Army veteran keeps 11-year promise and helps Iraqi translator get to safety in Texas

An Iraqi translator who aided US forces during the Iraq War is finally safe in the United States after a decade-long battle led by a US Army veteran to keep his promise.

For 11 years, government bureaucracy, combined with the COVID-19 pandemic, left one person who put his life on the line for America hiding in the Middle East.

But this bureaucracy was finally broken.

It was reunion years in the making.

Retired US Army Captain Allen Vaught last saw the translator he called Sam in Fallujah in 2004.

“It’s been a long time, yeah,” Vaught said upon reuniting with Sam. “Welcome to Texas, you’ll be used to the heat.”

Vaught said Sam risked his life in Iraq helping American soldiers.

“We paid them $5 a week to risk their lives on a mission with us,” Vaught recalled. “Except they had no weapons, they had no body armor.”

Vaught has seen translators come and go.

“A lot of people gave up because of the dangers, but Sam was brave and stayed with us until the end,” he said.

Other translators were killed.

“Five translators I had, two were killed, one was burned alive. They put themselves in great danger,” Vaught said.

There was a window of opportunity for the translators to flee Iraq, but Sam felt his job wasn’t done yet.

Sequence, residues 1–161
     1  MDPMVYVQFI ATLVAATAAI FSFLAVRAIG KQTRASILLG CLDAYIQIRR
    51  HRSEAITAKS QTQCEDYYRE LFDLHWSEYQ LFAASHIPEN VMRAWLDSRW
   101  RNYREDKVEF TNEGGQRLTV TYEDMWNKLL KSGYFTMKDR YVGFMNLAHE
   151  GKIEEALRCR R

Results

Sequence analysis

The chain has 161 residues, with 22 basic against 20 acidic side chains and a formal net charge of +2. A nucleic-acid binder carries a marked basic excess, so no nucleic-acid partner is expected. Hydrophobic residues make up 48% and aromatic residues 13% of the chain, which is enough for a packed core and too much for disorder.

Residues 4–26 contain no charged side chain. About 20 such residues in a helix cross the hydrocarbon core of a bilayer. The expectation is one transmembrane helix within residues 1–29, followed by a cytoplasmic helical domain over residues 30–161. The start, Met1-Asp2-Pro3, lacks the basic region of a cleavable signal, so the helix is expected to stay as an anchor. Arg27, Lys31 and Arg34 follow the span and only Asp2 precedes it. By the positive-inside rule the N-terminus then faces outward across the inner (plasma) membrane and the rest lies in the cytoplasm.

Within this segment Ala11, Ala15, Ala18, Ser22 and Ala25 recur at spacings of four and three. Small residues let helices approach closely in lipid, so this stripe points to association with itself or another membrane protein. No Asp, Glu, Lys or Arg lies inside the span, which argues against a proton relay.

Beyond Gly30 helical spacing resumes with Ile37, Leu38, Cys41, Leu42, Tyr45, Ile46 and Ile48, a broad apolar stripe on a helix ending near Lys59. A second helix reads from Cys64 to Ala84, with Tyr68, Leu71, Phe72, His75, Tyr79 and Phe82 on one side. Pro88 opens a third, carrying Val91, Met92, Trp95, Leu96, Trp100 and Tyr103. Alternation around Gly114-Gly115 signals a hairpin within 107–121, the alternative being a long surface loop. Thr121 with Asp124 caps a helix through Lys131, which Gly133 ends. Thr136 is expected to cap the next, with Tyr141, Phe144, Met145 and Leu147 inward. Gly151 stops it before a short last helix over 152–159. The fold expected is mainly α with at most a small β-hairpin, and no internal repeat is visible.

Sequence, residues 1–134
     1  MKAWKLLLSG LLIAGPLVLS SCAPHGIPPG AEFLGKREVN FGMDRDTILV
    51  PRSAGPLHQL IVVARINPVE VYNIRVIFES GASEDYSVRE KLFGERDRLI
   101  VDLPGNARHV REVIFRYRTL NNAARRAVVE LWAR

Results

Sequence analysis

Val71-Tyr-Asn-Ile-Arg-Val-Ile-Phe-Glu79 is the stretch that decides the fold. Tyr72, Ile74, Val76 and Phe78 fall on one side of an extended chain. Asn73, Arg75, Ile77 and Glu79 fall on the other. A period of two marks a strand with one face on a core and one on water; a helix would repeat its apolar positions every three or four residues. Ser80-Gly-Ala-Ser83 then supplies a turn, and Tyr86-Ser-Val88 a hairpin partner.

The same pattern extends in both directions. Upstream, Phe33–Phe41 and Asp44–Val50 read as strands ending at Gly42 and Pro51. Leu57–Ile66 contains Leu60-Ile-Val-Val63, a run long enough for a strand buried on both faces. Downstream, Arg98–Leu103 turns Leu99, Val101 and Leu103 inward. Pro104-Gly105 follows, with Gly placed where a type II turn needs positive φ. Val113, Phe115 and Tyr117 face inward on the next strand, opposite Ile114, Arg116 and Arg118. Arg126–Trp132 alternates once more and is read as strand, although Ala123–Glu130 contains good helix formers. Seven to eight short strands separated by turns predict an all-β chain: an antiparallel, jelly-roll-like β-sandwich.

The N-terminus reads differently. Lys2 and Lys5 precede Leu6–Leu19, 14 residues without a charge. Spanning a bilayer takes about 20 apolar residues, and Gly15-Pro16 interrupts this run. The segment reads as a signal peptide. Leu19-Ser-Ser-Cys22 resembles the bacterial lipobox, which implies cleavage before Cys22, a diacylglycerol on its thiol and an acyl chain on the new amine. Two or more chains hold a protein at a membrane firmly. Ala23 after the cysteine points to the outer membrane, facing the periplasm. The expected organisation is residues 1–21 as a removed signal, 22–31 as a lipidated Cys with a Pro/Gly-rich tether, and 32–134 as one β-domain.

When things got too dangerous and Sam wanted to immigrate to the United States, that window closed.

And that’s what started the 11-year legal battle.

FOX 4 has followed this case with Vaught, a former state representative, and other lawmakers over the years.

Lawyer Rochelle Rotea started helping out while still in law school.

On Friday, she arrived with Sam on a plane from California.

“Technically I’m not his pro bono lawyer anymore because his case is over, but I really wanted to see him through and literally bring him home,” Rotea said.

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Vaught’s son, Jonathan, was in kindergarten when his father started fighting for the person who was there for him in the middle of the war. Now Jonathan is entering 10th grade.

“I had been injured and so he came all the way from Fallujah to the relatively hostile area – I mean for all of us, but certainly for someone who is Sunni – in the Shia area of ​​Sadr City and came to our base to see me,” Vaught recalled. “I told my kids it was important to keep your word.”

Sam said he was grateful to have a new life where he no longer has to live in fear.

“Freedom is freedom. Freedom is everything,” he said.

Vaught is going to help Sam acclimate to the United States by helping him get ID and learn how to apply for jobs.

Sam was a teacher before the war in Iraq.

So far, Vaught has raised $4,000 to help Sam get established.